Many investors have rubbed their eyes in astonishment in the past two weeks: Despite a global crisis caused by the corona pandemic and significant falls in the stock markets, the gold price also declined – although not nearly as strongly as the large stock indices. At the same time, the key rate cut in the United States could have given the gold price a positive boost. Instead, it not only fueled uncertainty on the capital markets, but also did not appear to drive the gold price in any way. What happened?
The futures markets are decisive for the gold price
The futures markets provide the immediate background for the decline in the gold price: numerous institutional investors had to liquidate their gold positions in order to increase their liquidity – e.g. to meet the margin requirements in their futures transactions on the stock markets. The increased gold demand typical of crises has suffered in no way. Gold traders in numerous countries can confirm this: Many gold providers are currently struggling to meet demand, both online and locally.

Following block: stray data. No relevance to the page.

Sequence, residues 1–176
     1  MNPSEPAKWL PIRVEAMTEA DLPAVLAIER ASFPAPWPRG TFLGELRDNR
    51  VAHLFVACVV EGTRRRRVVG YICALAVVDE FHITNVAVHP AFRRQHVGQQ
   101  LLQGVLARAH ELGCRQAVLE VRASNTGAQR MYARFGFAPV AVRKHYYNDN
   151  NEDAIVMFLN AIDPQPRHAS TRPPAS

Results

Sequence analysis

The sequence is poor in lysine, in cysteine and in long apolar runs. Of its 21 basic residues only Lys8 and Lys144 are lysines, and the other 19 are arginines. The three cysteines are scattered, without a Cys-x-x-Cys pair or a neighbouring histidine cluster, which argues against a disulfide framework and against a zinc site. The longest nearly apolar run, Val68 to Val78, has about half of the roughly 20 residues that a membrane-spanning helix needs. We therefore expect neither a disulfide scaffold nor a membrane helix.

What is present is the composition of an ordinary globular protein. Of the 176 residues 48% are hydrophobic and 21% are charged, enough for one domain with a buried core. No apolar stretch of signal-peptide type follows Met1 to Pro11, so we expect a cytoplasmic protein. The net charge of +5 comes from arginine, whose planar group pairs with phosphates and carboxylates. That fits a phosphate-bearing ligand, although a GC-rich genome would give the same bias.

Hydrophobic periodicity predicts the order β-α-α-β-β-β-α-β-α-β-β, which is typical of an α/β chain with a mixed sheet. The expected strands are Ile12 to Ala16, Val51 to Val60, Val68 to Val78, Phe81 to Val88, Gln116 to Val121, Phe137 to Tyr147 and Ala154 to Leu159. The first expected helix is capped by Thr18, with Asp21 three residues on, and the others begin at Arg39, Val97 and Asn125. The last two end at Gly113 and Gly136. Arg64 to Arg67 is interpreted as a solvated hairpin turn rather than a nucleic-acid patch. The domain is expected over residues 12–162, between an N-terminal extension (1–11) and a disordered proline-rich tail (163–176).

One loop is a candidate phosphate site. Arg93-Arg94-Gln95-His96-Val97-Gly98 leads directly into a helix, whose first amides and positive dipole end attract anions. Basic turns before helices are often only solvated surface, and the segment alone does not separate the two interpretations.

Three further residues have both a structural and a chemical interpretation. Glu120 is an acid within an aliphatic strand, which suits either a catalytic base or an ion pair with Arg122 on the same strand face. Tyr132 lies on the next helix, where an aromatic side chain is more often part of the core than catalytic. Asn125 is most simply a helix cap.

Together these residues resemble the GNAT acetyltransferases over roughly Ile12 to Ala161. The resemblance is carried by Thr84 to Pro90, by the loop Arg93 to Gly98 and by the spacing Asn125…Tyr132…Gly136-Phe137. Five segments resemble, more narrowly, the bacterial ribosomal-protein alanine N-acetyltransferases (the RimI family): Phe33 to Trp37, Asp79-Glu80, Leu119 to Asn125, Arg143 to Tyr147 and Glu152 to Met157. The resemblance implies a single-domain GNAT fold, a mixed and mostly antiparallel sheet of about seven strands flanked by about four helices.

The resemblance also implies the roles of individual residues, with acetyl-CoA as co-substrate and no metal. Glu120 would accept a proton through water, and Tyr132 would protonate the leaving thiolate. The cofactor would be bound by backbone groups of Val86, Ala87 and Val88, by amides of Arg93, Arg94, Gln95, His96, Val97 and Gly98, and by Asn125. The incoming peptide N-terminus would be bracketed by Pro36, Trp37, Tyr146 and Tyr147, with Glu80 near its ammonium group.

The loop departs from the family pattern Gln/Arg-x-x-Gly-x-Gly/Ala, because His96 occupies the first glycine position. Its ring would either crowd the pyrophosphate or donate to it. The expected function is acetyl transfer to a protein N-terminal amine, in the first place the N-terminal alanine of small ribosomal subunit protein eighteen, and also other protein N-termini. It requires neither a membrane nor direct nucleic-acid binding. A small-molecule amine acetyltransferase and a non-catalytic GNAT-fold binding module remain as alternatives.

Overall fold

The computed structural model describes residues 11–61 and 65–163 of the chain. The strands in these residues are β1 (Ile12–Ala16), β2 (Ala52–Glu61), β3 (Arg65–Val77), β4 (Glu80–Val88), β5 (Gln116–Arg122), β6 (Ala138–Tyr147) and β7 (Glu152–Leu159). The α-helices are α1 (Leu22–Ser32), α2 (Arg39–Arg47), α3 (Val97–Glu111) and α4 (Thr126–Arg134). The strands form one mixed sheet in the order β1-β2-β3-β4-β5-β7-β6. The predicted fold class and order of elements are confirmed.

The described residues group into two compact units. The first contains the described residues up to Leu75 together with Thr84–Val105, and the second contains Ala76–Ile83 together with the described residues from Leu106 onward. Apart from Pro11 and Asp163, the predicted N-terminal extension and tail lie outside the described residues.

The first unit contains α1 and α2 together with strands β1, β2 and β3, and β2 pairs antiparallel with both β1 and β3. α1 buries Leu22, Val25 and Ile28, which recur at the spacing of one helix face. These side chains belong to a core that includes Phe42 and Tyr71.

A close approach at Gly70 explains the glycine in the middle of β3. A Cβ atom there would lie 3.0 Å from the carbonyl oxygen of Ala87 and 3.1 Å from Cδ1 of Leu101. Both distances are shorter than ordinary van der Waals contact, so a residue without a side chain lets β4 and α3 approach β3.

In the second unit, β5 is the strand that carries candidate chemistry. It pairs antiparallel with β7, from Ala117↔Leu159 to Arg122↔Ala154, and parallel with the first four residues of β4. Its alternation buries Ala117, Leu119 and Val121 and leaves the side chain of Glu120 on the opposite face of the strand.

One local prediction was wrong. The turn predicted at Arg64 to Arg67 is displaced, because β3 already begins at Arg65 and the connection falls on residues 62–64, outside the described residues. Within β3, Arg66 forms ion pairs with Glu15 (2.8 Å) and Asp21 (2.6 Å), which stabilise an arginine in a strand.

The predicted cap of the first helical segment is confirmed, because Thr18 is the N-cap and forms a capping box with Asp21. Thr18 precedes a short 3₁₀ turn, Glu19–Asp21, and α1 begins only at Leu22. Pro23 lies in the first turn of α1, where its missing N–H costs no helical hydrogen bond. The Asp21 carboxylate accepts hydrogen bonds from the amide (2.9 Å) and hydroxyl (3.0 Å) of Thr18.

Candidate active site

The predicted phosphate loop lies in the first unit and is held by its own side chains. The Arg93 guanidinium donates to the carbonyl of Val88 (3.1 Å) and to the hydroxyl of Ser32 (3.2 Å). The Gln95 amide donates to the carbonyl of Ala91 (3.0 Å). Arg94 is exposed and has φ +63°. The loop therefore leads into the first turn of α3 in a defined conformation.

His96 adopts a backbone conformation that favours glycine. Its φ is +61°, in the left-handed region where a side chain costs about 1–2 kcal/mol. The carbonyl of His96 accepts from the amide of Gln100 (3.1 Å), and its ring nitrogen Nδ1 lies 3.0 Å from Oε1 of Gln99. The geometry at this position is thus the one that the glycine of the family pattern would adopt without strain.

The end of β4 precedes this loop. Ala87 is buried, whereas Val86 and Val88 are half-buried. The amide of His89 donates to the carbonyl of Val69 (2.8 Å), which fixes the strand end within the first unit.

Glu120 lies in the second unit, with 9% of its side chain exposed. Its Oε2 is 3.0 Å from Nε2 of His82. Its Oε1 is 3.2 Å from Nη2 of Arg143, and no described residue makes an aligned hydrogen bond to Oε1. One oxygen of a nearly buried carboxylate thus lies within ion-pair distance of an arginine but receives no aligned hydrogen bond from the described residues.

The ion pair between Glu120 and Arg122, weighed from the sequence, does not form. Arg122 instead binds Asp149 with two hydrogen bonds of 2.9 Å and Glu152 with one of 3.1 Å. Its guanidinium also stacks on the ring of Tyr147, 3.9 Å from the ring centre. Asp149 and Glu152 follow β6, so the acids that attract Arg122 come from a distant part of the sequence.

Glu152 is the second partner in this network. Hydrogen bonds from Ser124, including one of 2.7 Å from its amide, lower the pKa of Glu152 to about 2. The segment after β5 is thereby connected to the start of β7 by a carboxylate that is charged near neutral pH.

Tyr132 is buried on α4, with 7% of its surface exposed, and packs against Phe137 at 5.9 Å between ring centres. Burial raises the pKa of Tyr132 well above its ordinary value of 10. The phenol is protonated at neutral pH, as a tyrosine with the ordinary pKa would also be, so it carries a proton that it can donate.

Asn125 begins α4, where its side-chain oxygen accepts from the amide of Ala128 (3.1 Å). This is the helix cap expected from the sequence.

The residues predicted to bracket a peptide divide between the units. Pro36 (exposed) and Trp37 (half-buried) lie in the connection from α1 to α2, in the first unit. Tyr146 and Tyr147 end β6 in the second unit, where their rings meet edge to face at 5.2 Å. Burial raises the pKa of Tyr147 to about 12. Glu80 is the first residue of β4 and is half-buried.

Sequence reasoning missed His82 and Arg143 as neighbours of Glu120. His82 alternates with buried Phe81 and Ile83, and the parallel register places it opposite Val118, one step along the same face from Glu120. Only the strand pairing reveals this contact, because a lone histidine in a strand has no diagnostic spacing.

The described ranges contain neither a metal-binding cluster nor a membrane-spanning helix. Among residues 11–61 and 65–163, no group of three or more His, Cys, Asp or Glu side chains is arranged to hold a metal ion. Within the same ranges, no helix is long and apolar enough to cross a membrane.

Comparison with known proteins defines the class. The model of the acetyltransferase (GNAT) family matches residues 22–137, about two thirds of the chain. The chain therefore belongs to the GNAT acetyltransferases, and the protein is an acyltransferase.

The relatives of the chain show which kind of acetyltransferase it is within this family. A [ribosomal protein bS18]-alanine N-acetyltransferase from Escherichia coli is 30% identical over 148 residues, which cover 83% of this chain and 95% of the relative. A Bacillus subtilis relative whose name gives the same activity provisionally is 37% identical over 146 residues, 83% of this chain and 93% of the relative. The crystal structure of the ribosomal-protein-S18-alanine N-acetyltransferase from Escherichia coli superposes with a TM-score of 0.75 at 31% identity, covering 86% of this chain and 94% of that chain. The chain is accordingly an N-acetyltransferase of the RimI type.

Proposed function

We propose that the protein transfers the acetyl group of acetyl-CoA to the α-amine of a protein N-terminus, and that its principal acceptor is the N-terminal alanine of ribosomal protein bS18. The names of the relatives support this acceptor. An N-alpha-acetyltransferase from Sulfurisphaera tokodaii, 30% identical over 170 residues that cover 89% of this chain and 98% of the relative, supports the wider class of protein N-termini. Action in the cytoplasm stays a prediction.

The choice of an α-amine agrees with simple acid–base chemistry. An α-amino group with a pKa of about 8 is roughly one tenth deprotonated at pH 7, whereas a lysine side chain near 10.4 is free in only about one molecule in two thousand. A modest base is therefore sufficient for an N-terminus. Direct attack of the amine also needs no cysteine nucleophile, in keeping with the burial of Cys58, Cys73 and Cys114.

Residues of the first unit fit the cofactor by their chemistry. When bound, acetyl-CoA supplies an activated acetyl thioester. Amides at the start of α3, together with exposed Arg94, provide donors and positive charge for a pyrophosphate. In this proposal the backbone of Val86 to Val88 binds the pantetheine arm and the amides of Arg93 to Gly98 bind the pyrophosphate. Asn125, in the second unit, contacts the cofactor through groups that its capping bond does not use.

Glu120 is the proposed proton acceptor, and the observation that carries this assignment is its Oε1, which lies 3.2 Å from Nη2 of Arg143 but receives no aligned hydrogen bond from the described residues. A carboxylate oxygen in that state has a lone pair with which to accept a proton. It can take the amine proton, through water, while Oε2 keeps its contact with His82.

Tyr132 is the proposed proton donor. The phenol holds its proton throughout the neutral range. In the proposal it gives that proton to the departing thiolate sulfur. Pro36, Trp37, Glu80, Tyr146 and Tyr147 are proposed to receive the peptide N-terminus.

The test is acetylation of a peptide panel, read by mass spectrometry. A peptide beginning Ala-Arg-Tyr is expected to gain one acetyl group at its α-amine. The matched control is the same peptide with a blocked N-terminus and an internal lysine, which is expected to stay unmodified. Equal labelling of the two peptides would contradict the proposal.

Long-term factors also determine the gold price
A great advantage of the precious metal is its largely very low correlation to other asset classes. In the short to medium term, however, the gold price reacts to the development of real interest rates and to certain currencies, especially the US dollar, to which gold has a strongly negative correlation. In times of crisis in the capital markets or geopolitical tensions, gold demand usually increases because the value of the precious metal remains stable even in the face of weakening share prices.